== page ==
The Apical emergency floats with life raft system complied with Supplemental Type Certificate (STC) Number SR 01535 LA. The installed Apical system allowed for activation of the floatation systems through one pressure activated lever for the emergency floatation system located on the cyclic, one internal switch on the center console for the external life raft system, and two red handles located on both forward struts of the skids to activate the external life raft system. Placards are not required to assist in informing personnel how to deploy the life raft system when near the external handles. A graphical depiction of external float activation was provided on the company's passenger safety card.


At 1500, an Air Logistics weather alert was issued informing pilots that showers continued to diminish but that ceiling and visibility remain "a concern." Ceilings of 600 feet were reported south of Fourchon and visibility as low as 4 statute miles in heavier downbursts. There is no record of the pilot obtaining this weather alert.

The water temperature in the area of the accident was approximately 49 degrees Fahrenheit.


The accident flight was conducting operations under flight following by Air Logistics. The system consists of tracking and monitoring using several programs with radio transmissions and telephone calls to communicate flight information. Flight following is located at Air Logistic headquarters and is staffed with six radio operators who are scheduled to work 0600-1800.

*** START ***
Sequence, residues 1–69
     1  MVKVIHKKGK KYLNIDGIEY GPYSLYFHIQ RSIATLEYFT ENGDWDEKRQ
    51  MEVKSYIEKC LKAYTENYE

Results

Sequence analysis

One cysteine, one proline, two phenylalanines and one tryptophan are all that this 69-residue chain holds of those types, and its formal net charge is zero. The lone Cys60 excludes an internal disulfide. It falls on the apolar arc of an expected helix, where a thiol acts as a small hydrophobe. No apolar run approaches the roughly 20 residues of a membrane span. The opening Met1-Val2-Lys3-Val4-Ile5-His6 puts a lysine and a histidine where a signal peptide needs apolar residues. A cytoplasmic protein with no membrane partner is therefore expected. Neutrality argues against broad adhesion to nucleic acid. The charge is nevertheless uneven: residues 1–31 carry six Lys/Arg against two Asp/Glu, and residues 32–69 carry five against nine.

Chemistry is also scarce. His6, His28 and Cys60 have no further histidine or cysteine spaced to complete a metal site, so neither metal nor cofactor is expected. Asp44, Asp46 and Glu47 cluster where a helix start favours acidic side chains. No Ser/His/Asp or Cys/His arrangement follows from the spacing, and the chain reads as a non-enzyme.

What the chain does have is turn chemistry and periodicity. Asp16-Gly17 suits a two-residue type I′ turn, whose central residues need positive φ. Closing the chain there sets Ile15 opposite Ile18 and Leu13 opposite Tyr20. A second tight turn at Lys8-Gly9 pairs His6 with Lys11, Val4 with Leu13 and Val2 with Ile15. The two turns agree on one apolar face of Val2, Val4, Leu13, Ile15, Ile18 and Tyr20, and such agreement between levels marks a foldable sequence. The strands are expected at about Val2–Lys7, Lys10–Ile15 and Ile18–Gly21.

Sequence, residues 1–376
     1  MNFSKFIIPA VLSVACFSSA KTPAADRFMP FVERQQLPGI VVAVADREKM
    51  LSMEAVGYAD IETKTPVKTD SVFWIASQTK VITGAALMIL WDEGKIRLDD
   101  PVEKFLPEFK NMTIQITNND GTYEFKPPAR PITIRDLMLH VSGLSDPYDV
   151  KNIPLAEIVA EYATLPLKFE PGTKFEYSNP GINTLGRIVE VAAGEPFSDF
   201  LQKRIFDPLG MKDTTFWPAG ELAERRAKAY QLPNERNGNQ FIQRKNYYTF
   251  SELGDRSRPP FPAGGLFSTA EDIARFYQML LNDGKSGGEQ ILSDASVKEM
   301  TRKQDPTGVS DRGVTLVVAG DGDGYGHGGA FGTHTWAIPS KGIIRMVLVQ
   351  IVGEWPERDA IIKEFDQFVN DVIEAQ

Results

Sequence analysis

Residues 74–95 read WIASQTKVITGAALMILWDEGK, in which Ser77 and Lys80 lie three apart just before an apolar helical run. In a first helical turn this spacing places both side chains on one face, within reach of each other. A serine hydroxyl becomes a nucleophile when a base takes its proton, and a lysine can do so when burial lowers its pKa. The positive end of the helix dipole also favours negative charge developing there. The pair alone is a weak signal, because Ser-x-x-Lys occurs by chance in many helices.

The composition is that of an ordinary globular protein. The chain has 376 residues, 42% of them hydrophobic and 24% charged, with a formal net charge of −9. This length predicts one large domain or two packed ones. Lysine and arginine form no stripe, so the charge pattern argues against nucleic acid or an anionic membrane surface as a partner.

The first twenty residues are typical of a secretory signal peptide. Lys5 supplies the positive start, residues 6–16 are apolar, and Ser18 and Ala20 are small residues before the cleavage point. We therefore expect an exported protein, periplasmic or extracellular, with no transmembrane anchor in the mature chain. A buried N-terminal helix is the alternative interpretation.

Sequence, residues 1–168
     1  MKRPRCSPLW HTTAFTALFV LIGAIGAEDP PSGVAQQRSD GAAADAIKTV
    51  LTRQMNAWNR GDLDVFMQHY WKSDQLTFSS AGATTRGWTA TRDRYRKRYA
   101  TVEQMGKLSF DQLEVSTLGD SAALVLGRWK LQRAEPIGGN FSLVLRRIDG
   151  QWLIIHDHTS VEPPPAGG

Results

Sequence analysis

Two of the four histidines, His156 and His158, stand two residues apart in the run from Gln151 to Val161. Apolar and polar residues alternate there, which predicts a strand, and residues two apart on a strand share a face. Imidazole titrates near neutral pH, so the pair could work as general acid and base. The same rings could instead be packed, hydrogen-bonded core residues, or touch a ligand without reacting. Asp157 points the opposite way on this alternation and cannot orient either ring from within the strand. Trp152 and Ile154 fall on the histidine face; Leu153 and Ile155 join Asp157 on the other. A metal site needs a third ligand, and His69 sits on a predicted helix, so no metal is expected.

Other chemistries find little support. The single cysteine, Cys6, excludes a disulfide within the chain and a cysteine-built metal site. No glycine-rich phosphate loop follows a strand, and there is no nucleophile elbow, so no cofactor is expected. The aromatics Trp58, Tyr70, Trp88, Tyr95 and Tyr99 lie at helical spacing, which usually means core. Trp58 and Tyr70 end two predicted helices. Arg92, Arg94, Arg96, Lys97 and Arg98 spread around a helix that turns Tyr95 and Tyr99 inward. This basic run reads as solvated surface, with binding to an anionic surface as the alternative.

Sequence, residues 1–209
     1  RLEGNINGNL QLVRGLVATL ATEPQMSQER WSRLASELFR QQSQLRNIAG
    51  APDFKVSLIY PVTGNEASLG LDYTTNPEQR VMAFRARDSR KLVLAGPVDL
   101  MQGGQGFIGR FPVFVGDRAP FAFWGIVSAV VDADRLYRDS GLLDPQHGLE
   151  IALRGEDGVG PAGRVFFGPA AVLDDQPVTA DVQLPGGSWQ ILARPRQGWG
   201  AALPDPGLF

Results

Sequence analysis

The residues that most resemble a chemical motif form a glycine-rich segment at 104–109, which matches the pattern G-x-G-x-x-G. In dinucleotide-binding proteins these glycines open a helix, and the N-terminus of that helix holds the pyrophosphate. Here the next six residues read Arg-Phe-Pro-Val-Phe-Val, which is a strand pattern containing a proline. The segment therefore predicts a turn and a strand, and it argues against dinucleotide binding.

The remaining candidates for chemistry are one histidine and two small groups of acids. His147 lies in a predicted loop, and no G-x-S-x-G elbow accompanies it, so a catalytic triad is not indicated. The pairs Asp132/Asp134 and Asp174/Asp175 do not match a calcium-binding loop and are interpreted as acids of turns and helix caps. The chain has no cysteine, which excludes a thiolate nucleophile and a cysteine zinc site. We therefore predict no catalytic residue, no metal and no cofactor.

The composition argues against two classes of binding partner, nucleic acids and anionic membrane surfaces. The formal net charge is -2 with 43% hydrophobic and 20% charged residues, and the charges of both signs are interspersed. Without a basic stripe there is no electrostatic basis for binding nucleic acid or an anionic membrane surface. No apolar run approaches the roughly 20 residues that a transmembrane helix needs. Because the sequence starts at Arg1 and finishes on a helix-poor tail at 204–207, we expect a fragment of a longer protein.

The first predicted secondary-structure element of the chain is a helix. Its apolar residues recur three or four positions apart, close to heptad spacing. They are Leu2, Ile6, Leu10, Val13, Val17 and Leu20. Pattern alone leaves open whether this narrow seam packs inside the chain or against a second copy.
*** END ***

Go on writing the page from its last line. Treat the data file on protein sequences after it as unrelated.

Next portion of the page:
Sky Connect utilizes 66 Iridium low-orbit satellites and on-board "Tracker-SOP" helicopter components to provide both communications and position reports. The system was configured to provide a position report every three minutes. At 1533:36 an automated report sent a position report along with the flight parameters of 65 knots groundspeed, altitude of 308 feet, heading 202 degrees. No report was made at 1536.

Helicopter status is tracked by Air Logistics by utilizing Dataflyt's Flytwatch software. This software roughly works with a three step-process to place a helicopter in either "land" or "check" status. The first step requires the radio operator to select a helicopter to bring up position data. The second requires information to be entered in the appropriate block. The third step is to place the helicopter in either "land" or "check" status. Prior to the accident, placing the helicopter in "check" status would trigger an update request in two hours. In response to the accident, Air Logistics contacted the software vendor and changed the two-hour reminder to 30 minutes and incorporated an additional query screen to prevent controllers from "landing" the wrong helicopter.